It’s too soon to know whether Trump’s slow-motion and deadly response to the coronavirus outbreak will contribute to his political undoing. But even that enticing prospect offers little consolation, measured against the reality that this rudderless nation has been left flatfooted in the face of an advancing plague.
Trump spent months minimizing the known threat. While the president, as The New Yorker put it, “simultaneously underplayed the severity of the outbreak and overpromised the means available to fight it,” the numbers of confirmed cases piled up; his administration introduced faulty test kits, fatally impeding state and local efforts to inhibit the early spread of the virus; critical care facilities were overwhelmed, becoming transmission centers themselves; hospitals ran out of supplies; and people died in ever-increasing numbers. The markets took one look at the intensifying crisis and dove off the cliff.
Faced with these compounding realities, Trump reversed course and announced he had known the virus was a pandemic all along. “This is a pandemic,” Trump told reporters in mid-March. “I felt it was a pandemic long before it was called a pandemic.”
Trump could have mobilized a nation to collective action, but chose instead to hold “Keep America Great” rallies where he mocked the threat of the virus and called it a Democratic hoax. Trump could have established much-needed protocols and equipped the public with the tools to combat the virus, and survive, but instead he used the presidential pulpit to scapegoat China and blame Obama.
Trump’s winter of indifference will cost American lives, but it wasn’t the main precipitating factor in America’s vulnerability to the COVID-19 virus. The roots of this tragedy trace back to the early months of his presidency, long before anyone had heard of Wuhan, when the newly-elected president sharply reduced the budgets of the nation’s infectious disease prevention system, and in particular the emergency health preparedness infrastructure put in place by the Obama administration to fight the Ebola outbreak.
On his second full day in office, Trump introduced a 90-day hiring freeze, which left nearly 700 positions at the Centers for Disease Control unfilled. According to researchers and health officials interviewed by The Washington Post, the freeze adversely affected programs that supported local and state public health emergency readiness, infectious disease control and chronic disease prevention. Given the CDC’s crucial role in detecting and stopping infectious disease outbreaks, the public health community sounded the alarm.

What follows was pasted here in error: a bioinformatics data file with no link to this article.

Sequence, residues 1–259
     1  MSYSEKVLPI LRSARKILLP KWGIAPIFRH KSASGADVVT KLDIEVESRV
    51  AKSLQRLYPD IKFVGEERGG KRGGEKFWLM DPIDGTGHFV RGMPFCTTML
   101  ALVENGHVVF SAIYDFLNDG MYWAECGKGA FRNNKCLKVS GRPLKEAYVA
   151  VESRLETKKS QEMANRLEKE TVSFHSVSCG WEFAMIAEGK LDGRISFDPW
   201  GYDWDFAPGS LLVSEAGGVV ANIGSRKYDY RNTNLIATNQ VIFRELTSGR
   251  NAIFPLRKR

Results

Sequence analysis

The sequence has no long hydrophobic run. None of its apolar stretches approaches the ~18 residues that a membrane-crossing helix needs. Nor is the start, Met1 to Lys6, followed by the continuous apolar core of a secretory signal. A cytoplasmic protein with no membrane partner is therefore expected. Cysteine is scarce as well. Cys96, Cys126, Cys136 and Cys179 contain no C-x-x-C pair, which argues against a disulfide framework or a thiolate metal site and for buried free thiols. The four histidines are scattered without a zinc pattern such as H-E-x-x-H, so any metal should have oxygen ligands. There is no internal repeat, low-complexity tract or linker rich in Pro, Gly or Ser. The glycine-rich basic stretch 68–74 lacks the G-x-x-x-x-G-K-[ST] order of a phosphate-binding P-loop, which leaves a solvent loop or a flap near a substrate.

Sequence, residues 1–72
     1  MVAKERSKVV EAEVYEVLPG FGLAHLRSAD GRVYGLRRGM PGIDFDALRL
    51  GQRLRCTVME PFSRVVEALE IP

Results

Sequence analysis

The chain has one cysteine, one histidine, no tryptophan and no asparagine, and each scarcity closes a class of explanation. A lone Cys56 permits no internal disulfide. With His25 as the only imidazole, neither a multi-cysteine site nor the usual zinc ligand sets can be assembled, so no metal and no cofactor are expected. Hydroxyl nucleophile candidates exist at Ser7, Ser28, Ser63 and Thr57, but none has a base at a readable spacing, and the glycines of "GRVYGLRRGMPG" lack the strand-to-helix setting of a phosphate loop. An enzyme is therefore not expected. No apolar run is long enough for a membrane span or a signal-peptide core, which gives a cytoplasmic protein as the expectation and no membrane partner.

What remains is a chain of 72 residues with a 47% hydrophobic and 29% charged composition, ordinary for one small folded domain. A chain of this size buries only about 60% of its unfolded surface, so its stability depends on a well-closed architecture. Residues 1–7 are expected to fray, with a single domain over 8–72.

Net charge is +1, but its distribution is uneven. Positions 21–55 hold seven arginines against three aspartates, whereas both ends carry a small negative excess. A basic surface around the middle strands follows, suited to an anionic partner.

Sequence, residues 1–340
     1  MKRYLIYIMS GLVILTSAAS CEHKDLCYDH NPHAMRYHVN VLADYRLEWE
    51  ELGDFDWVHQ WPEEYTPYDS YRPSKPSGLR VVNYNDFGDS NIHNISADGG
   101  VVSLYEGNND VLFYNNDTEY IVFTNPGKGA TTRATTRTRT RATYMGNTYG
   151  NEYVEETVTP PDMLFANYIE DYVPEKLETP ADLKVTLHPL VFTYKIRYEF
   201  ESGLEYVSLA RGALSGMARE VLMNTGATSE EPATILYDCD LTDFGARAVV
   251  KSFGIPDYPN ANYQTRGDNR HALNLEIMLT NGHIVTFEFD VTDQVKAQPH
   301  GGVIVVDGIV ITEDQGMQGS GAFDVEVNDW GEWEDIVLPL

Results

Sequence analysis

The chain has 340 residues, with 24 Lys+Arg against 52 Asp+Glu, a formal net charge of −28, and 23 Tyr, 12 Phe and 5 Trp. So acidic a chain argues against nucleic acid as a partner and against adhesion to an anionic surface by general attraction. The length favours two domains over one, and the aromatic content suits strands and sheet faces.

A document obtained at the time by the Sierra Club through a Freedom of Information Act Request, and reviewed by The Post, revealed that several of the vacancies were senior positions in the Office of Public Health Preparedness and Response, which according to The Post regulated some of the world’s most dangerous bacteria and viruses and managed the nation’s stockpile of emergency medical countermeasures.
Liz Perera, the Sierra Club’s public health policy director, was quoted in May 2017 that the administration’s “thoughtless freeze on hiring public servants prevented the CDC from filling critical roles at programs essential to preventing chronic and infectious diseases, advancing immunization and safeguarding environmental health.”
In January of 2018 The Wall Street Journal reported that the CDC was scaling back its global health security agenda because of Trump-mandated budget cuts. In February of the same year The Washington Post confirmed the agency was reducing its programs aimed at fighting global health threats by 8o percent.
Microsoft founder Bill Gates, who has focused much of his philanthropy on global health issues, lobbied Trump repeatedly on the issue of global pandemics and inadequate US preparedness, from the moment the president first arrived at the White House. Gates earned headlines in the press in 2018 for his assessment that the U.S. government was falling short in preparing the nation and the world for the “significant probability of a large and lethal modern-day pandemic occurring in our lifetimes.” Gates reportedly told Trump he had the chance to lead on the issue of global health security, and pressed his case several times with the former National Security Advisor H. R. McMaster.
Yet the top White House official in charge of fighting pandemics left the Trump administration abruptly in May, 2018, and the global health security team he oversaw was subsequently disbanded under then National Security Advisor John Bolton. Conservatives have since argued this was meant as a consolidation to improve efficiency.